Hindu married women fast and perform Vat Savitri rituals to wish for their husbands’ wealth, well-being, and longevity. The observance of Vat Savitri Vrat is seen as a sign of a married woman’s commitment to and genuine love for her husband.
According to legend, on the counsel of a sage, King Ashvapati and his childless queen of the Madra Kingdom diligently performed a puja in honour of the Sun God Savitr. The goddess, pleased with the couple’s devotion, gave them a daughter, whom they called Savitri in her honour. The girl lived a hermit’s lifestyle despite being born to a monarch.
The monarch instructed Savitri to hunt for a husband for herself after failing to locate a suitable marriage for his daughter. In her search for a potential spouse, Savitri met Satyavan, the exiled blind King Dyumatsena’s son. When she told her father about her choice, Narad Muni intervened and said that Satyavan, the man she had chosen as her husband, would pass away within a year and wouldn’t be given any more time on earth.
King Asvapati submitted to Savitri’s will after all attempts to persuade her to change her mind failed. Satyavan’s parents resided in the forest, so Savitri followed her husband there after they got married. She abandoned her regal attire and decided to live as a hermit, which suited her temperament and her husband’s lifestyle.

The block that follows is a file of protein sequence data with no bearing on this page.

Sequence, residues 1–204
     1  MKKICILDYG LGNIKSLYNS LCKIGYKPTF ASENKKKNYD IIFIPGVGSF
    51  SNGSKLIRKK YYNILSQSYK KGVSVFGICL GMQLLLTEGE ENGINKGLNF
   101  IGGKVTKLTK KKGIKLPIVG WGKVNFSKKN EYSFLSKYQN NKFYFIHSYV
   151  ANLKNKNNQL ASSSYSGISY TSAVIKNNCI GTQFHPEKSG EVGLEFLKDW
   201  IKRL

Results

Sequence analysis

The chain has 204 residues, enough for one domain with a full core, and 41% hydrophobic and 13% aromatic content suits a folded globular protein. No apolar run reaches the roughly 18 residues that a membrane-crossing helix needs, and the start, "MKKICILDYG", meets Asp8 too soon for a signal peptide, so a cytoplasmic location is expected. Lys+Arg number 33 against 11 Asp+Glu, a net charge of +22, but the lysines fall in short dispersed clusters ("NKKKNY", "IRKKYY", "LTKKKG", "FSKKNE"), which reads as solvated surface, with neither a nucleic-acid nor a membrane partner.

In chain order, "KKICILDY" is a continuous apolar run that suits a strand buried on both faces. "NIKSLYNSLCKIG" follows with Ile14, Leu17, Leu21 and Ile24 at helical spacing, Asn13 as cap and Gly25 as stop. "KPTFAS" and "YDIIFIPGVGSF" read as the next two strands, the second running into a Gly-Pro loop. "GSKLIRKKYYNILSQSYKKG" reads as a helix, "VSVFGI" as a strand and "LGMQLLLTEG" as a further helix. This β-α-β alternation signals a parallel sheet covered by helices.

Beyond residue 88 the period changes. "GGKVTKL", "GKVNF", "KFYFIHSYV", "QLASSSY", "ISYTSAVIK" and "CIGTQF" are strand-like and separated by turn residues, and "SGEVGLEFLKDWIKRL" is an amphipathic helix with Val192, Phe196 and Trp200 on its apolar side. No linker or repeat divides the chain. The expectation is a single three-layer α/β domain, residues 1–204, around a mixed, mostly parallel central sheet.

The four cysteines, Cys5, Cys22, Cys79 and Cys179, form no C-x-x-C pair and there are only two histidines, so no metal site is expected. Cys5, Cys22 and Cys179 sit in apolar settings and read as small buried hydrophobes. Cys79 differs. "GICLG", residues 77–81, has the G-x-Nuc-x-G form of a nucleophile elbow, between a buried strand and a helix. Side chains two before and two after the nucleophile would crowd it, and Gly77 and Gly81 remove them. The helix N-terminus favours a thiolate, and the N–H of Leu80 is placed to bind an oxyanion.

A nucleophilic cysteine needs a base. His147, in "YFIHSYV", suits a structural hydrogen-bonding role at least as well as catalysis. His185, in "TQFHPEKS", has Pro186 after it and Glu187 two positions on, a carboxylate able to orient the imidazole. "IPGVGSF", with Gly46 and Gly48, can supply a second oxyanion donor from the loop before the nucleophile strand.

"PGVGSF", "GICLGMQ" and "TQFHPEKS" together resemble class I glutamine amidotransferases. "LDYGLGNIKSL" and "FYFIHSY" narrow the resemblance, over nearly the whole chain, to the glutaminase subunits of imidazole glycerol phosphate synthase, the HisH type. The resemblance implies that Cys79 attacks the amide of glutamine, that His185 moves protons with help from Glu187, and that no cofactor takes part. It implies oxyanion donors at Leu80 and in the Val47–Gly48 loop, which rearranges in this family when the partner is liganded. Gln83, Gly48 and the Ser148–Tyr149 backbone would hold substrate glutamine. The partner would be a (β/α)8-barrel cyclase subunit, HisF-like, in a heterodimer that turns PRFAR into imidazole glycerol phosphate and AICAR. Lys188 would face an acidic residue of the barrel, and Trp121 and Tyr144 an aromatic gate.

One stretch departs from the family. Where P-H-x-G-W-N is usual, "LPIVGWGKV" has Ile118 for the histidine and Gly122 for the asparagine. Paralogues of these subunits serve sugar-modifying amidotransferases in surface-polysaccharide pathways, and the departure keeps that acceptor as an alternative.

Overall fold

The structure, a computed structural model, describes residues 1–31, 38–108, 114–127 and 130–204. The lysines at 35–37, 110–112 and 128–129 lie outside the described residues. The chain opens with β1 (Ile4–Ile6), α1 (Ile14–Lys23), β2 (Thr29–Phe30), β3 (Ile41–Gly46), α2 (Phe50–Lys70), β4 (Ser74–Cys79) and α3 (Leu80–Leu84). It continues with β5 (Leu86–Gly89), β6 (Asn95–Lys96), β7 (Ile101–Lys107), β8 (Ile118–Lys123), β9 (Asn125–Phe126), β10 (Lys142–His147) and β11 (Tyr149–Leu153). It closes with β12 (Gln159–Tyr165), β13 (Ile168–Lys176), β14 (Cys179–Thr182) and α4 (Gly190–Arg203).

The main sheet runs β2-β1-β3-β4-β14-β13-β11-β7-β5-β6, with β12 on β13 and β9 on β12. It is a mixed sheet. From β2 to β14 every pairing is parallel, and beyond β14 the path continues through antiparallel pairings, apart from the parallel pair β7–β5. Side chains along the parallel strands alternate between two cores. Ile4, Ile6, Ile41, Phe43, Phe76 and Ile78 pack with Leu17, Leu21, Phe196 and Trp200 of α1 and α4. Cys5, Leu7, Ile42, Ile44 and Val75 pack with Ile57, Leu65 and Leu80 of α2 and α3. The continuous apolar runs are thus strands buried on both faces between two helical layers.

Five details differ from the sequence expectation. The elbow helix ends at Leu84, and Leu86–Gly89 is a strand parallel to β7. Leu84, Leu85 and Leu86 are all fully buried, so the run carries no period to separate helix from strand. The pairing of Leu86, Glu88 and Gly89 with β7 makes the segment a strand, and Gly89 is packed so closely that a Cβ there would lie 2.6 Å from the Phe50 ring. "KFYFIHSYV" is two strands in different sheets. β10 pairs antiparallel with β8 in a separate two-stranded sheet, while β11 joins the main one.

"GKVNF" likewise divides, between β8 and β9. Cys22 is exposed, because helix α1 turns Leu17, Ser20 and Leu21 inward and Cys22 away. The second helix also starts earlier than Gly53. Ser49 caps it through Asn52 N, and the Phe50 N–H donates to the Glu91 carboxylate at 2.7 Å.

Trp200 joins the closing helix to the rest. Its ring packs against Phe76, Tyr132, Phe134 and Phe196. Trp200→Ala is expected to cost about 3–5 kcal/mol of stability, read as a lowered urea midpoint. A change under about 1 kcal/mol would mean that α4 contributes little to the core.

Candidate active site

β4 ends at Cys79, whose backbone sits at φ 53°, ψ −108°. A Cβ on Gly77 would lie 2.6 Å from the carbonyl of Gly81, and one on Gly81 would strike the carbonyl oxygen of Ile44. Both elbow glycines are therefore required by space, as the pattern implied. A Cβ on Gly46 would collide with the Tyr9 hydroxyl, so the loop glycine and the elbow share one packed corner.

Savitri began fasting three days before the day of reckoning, and on the designated day, she went to the forest with her husband. Satyavan died after falling off a banyan tree while chopping wood. The death god Yama came to reclaim Satyavan’s soul.
Legend says that Savitri pursued Lord Yama and would not give up the fight. After she followed Yama for three days and nights, he gave in and told her to wish for anything other than Satyavan’s life. She continued to pursue Yama when her first and second wishes—to regain her father-in-law’s kingdom and his sight—were fulfilled.